President Obama, speaking on climate-change at Georgetown University on Tuesday, invoked science again and again. But the policies he pushed had less to do with the findings of physics than the wishlists of corporate lobbyists. Still, Obama had the audacity to throw barbs at the "special interests."
"Science" is a favorite mantra of the Democrats and the Left today. It justifies both executive power grabs and a smug sense of superiority. Those barbaric Republicans oppose our policies only because they're anti-science, the argument goes. Obama on Tuesday even pegged the opponents of his policies as the "flat-Earth society." Accusing opponents of denying science is a focus-group-tested, party-approved message of the Democrats these days. It's the charge they throw at anyone who opposes their regulations and subsidies.
There is, of course, a decent amount of scientific consensus on climate change. We know that methane and carbon dioxide act as greenhouse gasses, applying upward pressure on temperatures. We know that industrial activity adds to greenhouse-gas concentrations. And we know that rapid changes in temperature can disrupt climate and have harmful effects.
But Obama and his allies pretend science tells us much more. They talk as if we can precisely know what amount of emissions will cause how much temperatures will change, and thus how much the seas will rise or storms will hit. Most importantly - and most falsely - they pretend that we can count on Democrats' policies to meaningfully mitigate these effects.
In Washington, though, this sort of technocratic talk always gives way to corporatist policymaking. And Obama's energy plan bubbles over with corporate-government collusion.
His climate plan rests primarily on a 2007 Supreme Court ruling that greenhouse gasses are "pollutants," which the Environmental Protection Agency must regulate. Obama even called CO2 (the stuff you breathe out and plants breathe in) a "toxin," in the energy plan he released Tuesday.
During the arguments in that 2007 case, energy giants Entergy and Calpine both filed amicus curiae briefs asking the court to force the EPA to regulate greenhouse-gas emissions. Calpine lobbyist Michael Brady was a special guest of Obama on Tuesday, according to National Journal, Obama's constant anti-lobbyist rhetoric notwithstanding.
Back in 2007, Calpine's brief rattled off a murderers row of special interests that sided with them in favor of regulation: General Electric, which spends more on lobbying than any other corporation; Exelon, so cozy with Obama that a company lobbyist once called it "The President's utility;" Duke Energy, which underwrote Obama's 2012 convention with $10 million in financing; and others.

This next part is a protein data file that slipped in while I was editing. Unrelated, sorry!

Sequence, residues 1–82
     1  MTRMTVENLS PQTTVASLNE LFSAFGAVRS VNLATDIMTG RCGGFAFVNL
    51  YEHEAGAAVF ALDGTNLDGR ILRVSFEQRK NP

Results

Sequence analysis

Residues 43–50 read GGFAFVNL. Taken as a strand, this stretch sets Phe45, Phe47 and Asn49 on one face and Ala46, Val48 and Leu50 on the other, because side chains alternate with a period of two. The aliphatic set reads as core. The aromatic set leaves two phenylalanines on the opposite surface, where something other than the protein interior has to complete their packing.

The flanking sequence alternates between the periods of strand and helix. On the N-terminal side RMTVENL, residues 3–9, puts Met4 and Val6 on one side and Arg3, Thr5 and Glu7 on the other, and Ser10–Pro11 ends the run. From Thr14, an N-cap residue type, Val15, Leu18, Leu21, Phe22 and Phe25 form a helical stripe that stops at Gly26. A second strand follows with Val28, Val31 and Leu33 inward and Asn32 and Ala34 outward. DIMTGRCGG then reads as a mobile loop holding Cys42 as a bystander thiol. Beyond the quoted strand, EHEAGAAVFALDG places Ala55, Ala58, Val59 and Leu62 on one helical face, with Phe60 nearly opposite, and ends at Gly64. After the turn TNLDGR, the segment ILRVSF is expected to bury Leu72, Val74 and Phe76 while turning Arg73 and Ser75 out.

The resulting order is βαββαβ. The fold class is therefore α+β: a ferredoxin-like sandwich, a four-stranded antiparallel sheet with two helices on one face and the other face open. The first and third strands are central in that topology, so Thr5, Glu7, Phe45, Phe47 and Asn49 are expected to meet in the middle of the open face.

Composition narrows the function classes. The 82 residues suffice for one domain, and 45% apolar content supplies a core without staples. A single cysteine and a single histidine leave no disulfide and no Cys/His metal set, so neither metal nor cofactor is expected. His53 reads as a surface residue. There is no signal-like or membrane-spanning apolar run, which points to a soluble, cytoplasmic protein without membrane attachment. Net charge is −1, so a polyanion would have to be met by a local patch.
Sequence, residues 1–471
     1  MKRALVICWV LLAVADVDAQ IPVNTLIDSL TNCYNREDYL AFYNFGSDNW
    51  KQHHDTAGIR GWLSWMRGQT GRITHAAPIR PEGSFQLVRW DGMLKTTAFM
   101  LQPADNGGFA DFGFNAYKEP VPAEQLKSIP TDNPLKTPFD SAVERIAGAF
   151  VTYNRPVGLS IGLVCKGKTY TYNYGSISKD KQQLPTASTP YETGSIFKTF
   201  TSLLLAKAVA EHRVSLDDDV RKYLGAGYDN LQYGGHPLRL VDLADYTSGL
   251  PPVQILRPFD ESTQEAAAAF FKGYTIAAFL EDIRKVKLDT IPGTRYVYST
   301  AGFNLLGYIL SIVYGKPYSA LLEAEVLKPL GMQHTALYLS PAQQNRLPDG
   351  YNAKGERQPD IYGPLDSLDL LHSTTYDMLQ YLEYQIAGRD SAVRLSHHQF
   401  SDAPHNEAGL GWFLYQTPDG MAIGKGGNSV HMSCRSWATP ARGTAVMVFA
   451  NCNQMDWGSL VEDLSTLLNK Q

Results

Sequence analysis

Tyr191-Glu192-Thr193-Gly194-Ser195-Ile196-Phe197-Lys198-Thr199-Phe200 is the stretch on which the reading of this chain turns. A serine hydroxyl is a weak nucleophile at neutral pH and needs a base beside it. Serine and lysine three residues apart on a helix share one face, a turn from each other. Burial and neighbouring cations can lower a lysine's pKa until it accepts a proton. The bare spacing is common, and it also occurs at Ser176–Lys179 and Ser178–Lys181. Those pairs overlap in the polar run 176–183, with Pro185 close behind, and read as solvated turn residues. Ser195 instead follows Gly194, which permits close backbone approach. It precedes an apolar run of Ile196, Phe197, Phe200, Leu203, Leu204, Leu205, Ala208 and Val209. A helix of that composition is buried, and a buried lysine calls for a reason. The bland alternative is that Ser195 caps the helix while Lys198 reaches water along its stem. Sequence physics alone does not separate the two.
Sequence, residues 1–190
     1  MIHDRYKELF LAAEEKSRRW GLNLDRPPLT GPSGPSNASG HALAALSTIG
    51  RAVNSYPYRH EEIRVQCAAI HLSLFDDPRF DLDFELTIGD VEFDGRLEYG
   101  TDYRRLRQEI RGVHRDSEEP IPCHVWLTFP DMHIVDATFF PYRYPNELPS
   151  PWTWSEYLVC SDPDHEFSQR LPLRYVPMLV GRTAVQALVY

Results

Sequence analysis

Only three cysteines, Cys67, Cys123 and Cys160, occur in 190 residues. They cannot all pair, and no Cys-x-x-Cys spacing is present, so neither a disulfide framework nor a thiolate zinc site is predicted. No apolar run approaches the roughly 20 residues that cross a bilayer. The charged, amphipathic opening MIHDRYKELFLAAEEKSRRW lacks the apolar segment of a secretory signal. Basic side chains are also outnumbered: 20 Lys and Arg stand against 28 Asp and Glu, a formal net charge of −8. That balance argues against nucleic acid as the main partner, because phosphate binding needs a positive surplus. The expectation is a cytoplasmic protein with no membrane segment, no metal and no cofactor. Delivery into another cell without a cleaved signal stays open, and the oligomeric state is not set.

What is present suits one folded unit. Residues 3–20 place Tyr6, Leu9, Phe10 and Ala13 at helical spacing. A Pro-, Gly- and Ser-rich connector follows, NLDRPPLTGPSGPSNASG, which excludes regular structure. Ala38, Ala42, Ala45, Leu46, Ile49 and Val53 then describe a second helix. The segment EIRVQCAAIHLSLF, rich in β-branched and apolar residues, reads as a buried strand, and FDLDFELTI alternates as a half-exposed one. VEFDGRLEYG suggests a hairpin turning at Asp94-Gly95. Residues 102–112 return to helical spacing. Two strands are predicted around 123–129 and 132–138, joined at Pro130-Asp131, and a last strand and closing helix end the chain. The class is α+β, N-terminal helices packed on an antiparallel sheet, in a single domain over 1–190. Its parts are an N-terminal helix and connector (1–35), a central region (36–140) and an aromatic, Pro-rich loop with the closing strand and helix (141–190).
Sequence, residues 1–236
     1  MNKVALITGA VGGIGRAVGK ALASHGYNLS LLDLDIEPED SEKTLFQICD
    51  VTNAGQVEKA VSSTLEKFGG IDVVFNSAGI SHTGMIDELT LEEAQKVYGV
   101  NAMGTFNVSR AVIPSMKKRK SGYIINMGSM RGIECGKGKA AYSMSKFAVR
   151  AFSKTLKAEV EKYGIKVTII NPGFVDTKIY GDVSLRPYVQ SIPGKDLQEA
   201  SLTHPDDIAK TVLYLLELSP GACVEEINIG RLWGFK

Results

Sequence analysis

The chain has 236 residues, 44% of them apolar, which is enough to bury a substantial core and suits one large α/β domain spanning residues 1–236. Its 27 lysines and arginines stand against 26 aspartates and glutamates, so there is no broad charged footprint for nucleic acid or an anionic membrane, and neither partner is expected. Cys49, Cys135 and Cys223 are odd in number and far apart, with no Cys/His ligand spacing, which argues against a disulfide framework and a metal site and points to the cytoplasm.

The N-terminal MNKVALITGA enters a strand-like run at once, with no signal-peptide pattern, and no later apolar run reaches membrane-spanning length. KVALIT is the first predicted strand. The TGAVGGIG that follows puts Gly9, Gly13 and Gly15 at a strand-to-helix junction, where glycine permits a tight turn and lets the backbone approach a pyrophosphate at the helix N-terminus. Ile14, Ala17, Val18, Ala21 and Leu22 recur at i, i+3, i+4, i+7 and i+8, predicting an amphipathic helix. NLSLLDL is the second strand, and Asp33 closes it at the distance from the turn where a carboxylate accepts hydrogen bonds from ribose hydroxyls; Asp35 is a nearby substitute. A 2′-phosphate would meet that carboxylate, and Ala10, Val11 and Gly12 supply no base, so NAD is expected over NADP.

Why would all these companies want EPA to regulate their emissions? Maybe they're worried about melting polar ice caps. Or maybe they see profit in these policies. This latter possibility - which seems more likely - ought to raise doubts about how much policy will follow science, as opposed to lobbying.
For instance, a month after the Obama administration placed greenhouse-gas caps on all new power plants in 2011, the EPA's Gina McCarthy (now in line to run the agency) announced the first plant to win an exemption - and that plant happened to be installing GE turbines. GE is not only the lobbying king, the company's CEO is Obama's jobs czar.
Obama's energy plan also calls for more loan-guarantees for renewable energy. This was the Solyndra program. It involves trusting bureaucrats to pick winning projects to back with taxpayer money, subsidizing banks and solar-panel makers in the process.
Obama even gave a nod to ethanol, saying we need "farmers to grow new fuels." Ethanol subsidies are widely derided as a wasteful corporate welfare boondoggle. Now Obama wants more.
Despite the glaring clashes with his rhetoric on "special interests," Obama considers it a virtue to have corporations at the center of his climate plan. At Georgetown, he touted Wal-Mart and General Motors - and the fact that they see profits in pursuing green energy and supporting green policy - as signs that his grand plans wouldn't hurt the economy. (In the process, he seems to have given a 5.5 percent boost to the stock of Solar City, the solar company installing Wal-Mart's solar panels, and founded by $100,000 Obama donor Elon Musk.)
This is the conflation at the heart of Obamanomics: Obama points out that a few politically connected very large corporations would profit from his policies, as if that's evidence the economy will benefit.
But GE's windmill profits come at the expense of Americans who pay more for electricity when utilities have to buy wind power. And regulations or mandates that roll off Wal-Mart's back can crush smaller competitors.
Obama even named Nike as one of his allies on U.S. climate policy. Does Obama realize that Nike's manufacturing is almost all done in the Third World? Tax energy in the U.S. and you hurt Nike's U.S.-based competitors like New Balance, while Nike hardly feels a pinprick.
With all this profit from politically connected companies on the line, do you think policy will be crafted by science -- or by lobbying?
Timothy P. Carney, The Washington Examiner's senior political columnist, can be contacted at firstname.lastname@example.org. His column appears Sunday and Wednesday on washingtonexaminer.com.